Define/describe the condition
The fascia overlying the pectoralis major is continuious with the medial brachial fascia. Pectoralis major has two heads: the clavicular and sternal. The muscle inserts on the lateral aspect of the biceipital groove. The fibers from the sternal head twist 180 degrees so that the superior-most fibers at the origin insert at the inferior aspect of the bicipital groove and the the inferior-most fibers at the origin ultimately insert at the superior aspect of the groove. Thus, the pec major tendon has been described as bilaminar (howerver, it has also been decribed as trilaminar). The insertion site is 4-6 cm in length and 5mm in width. In the bilaminar description, the anterior portion of the tendon is 1 cm long and the posterior 2.5 cm long. The clavicular head and medial portion of the sternal head is innervated by the lateral pectoral nerve (C5 - C7) and the lateral portion of the sternal head by the medial pectoral nerve (C8 - T1). The nerves pierce the muscle from the medial and inferior aspects. The pectoral branch of the thoracoacromial artery provides the blood supply. The muscle adducts, internally rotates and forward flexes the humerus.
Describe the biologic basis of the disorder or the mechanism of injury
Most traumatic tears occur in weight lifters between the ages of 20 and 40 years from bench pressing (during eccentric contraction). No tears have been reported in females secondary to a sports injury.
Patient History and Physical Findings
Weakness in adduction, chest wall asymmetry, ecchymosis, pain with passive abduction.
Imaging and other Diagnostic Studies
MRI is useful in making the diagnosis. Plain X-rays and CT are of limited use with the exception of injuries with bony avulsions.
- Extent of tear
- Location of injury
- bony avulsion from proximal humerus
- rupture at bone-tendon junction
- rupture at musculotendinous jucntion
- rupture in muscle belly
- Type I: Contusion or sprain
- Type II: Partial tear
- Type III: Complete tear at:
- A: muscle origin
- B: muscle belly
- C: myotendinous junction
- D: tendon
- Poland's Syndrome - congential absence of the pectoralis major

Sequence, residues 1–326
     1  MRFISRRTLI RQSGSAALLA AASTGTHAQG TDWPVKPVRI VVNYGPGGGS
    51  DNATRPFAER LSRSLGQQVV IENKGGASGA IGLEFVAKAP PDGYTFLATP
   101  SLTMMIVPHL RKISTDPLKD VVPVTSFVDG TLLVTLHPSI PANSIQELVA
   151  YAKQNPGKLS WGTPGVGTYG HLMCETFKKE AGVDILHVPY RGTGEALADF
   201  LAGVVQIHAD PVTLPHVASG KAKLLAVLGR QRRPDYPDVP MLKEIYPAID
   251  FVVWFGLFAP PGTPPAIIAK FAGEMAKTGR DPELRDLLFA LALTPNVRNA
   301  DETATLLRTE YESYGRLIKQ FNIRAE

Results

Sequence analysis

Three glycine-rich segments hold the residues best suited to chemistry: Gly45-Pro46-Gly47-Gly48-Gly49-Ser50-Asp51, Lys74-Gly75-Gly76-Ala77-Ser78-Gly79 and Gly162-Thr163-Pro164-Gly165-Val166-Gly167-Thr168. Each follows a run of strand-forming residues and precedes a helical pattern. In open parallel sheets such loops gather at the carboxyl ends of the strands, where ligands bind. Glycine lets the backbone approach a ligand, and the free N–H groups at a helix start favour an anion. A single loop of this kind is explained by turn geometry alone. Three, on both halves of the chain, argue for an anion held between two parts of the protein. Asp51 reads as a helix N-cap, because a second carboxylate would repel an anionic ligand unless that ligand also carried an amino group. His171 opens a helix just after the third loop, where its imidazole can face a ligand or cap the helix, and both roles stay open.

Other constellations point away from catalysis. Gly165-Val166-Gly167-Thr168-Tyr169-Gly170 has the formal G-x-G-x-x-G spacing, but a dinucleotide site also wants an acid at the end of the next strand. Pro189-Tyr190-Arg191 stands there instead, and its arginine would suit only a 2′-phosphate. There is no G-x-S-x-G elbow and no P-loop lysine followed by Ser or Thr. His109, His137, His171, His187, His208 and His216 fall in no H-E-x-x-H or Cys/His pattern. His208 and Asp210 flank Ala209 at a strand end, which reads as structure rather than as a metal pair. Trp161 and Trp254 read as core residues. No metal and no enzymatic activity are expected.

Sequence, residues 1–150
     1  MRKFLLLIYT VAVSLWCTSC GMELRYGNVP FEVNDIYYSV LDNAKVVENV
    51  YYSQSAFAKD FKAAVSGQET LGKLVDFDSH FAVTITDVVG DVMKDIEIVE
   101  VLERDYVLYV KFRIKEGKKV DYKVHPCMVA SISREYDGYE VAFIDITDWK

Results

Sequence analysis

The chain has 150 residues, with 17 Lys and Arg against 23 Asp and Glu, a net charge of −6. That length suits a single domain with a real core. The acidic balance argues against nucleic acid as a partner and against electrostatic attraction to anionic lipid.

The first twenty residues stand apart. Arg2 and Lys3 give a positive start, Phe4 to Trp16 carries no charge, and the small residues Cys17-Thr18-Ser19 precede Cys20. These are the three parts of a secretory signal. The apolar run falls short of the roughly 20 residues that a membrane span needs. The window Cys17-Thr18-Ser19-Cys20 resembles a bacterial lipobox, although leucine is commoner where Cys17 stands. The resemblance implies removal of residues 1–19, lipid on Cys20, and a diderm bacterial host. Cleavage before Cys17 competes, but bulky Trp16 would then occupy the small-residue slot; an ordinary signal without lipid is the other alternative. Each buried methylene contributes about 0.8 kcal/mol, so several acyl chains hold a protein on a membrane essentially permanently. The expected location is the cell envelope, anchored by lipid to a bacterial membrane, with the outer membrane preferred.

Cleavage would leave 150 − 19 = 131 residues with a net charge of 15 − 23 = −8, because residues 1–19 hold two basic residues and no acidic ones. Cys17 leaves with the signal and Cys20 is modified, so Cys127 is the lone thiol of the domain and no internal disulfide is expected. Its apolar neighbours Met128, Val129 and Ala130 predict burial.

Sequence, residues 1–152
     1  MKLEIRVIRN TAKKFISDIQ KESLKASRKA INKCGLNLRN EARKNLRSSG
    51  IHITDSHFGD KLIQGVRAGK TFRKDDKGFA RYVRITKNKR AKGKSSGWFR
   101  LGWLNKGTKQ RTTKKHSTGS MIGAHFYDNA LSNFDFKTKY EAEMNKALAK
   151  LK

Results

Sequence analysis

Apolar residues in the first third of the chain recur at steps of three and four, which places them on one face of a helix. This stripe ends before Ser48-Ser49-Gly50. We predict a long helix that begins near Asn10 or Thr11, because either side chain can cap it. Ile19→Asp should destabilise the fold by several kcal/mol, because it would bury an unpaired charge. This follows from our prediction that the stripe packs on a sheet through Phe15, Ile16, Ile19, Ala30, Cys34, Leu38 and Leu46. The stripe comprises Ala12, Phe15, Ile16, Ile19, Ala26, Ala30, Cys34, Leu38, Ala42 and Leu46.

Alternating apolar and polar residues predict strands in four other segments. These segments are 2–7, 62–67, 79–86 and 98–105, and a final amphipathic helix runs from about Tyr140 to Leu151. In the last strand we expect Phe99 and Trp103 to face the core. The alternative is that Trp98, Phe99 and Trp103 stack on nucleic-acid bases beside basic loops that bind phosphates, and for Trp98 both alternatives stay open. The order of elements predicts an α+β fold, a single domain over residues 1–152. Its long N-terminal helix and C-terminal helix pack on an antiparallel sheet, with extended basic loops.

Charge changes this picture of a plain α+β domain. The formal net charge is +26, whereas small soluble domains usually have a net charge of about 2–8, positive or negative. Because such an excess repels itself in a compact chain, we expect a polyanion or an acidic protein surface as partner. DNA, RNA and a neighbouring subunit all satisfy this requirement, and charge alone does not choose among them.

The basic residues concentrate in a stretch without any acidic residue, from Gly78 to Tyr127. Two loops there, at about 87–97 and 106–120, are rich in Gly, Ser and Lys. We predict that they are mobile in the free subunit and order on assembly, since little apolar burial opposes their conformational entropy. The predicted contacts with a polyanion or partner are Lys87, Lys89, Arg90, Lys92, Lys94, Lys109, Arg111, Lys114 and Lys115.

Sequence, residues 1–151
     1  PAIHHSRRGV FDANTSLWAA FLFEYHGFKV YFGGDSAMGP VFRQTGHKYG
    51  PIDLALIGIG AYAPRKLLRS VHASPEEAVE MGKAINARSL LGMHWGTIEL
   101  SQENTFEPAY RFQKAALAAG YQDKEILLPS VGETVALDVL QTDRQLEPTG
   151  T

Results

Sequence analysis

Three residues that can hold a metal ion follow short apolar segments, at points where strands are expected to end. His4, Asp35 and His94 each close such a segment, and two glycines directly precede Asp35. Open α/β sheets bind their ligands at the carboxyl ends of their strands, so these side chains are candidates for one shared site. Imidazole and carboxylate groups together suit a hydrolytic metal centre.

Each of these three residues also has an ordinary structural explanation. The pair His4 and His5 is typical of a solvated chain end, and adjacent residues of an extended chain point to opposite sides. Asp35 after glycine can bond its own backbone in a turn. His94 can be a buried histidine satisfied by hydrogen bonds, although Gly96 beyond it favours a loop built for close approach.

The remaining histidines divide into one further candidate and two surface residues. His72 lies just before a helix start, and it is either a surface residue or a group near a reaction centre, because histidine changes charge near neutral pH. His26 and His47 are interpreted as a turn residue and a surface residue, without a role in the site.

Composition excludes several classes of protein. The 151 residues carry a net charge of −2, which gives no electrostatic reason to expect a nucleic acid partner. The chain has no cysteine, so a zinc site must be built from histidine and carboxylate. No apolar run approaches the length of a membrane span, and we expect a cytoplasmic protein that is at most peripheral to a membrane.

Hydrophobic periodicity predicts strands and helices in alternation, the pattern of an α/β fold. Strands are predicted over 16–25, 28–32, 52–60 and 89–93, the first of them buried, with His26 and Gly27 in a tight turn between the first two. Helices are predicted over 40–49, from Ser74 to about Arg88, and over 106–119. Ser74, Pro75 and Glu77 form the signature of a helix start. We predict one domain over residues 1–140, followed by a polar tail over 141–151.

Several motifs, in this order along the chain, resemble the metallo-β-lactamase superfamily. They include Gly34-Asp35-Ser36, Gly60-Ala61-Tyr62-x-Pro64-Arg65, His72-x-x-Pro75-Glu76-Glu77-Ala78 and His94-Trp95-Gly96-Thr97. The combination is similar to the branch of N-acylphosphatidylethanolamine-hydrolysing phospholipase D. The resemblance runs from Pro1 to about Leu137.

- Biceps tendon tear
Nonoperative treatment Indications:
- Injuries in muscle belly and even the musculotendious junction are difficult to repair and are best managed conservatively.
- Partial tears
- Elderly low-demand patients
- Low demand patient in nondominant arm
Operative treatment indications:
- Complete tears
- Active, high-demand patient
- Tears at bone-tendon interface
- Repair into a bone trough lateral to the bicipital groove
- Use of suture anchors at the insertion site
- Chronic tears by require a bridging graft (e.g. achilles tendon allograft, hamstring autograft)
Pearls and Pitfalls
Acute tears (< 6 - 8 weeks old) are generally technically easier to repair and have better outcomes.
After nonoperative management:Short term immobilization followed by progressive range of motion over 6 weeks followed by gradual strengthening. Return to light weight lifting with modified techniques at 10 - 12 weeks. Return to sport when patient has full range of motion and is pain free.
Ater operative management: immobilization for 2-3 weeks; Progression to full range of motion by 6 weeks. Light resistance training beginning at 6 weeks. Full activity at 4 - 6 months if goals met (full range of motion, painless resistance exercises, strength approximating the uninjured side).
A recent prospective study (n = 20) comparing surgical to nonsurgical management reported that isokinetic testing revealed a decrease in strength of 53.8% in the nonsurgical group and 13.7% for the surgical group
Include overview of complications
DeLee, Jesse C., David Drez Jr., and Mark D. Miller, eds. DeLee & Drez's orthopaedic sports medicine principles and practice. 3rd ed. Vol. 1. Philadelphia: Saunders/Elsevier, 2010.